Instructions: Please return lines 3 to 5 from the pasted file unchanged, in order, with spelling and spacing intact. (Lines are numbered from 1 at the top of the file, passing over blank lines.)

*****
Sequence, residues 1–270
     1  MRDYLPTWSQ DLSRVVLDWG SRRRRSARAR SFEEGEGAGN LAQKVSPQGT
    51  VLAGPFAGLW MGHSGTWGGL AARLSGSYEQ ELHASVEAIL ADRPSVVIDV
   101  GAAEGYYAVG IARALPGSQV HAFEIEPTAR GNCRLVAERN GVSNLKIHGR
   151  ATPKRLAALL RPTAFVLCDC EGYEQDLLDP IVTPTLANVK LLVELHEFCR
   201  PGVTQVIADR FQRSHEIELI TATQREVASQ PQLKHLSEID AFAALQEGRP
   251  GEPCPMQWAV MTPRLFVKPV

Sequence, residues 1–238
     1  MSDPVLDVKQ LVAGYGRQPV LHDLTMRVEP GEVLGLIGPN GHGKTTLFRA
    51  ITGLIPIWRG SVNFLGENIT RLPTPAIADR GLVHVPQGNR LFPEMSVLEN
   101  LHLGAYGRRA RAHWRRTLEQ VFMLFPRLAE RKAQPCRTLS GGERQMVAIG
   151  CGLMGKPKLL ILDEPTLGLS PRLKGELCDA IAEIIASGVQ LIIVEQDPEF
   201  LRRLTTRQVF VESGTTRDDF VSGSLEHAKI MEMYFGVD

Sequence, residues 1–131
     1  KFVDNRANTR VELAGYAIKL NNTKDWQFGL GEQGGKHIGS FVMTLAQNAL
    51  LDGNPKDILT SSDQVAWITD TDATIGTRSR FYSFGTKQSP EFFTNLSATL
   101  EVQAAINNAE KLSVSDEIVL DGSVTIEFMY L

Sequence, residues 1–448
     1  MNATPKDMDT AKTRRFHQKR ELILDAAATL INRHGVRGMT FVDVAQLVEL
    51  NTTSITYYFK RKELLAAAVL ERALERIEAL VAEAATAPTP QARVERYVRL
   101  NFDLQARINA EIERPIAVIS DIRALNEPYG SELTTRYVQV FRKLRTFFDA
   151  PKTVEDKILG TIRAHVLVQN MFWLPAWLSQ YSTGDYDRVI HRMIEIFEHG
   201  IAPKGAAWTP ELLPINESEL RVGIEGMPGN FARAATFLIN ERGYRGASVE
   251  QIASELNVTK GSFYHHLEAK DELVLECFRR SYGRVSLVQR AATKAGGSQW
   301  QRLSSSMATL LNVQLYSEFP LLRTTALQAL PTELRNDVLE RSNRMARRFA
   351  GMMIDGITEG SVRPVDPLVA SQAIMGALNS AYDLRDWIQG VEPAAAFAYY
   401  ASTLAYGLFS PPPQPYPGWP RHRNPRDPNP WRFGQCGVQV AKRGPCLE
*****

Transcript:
    51  VLAGPFAGLW MGHSGTWGGL AARLSGSYEQ ELHASVEAIL ADRPSVVIDV
   101  GAAEGYYAVG IARALPGSQV HAFEIEPTAR GNCRLVAERN GVSNLKIHGR
   151  ATPKRLAALL RPTAFVLCDC EGYEQDLLDP IVTPTLANVK LLVELHEFCR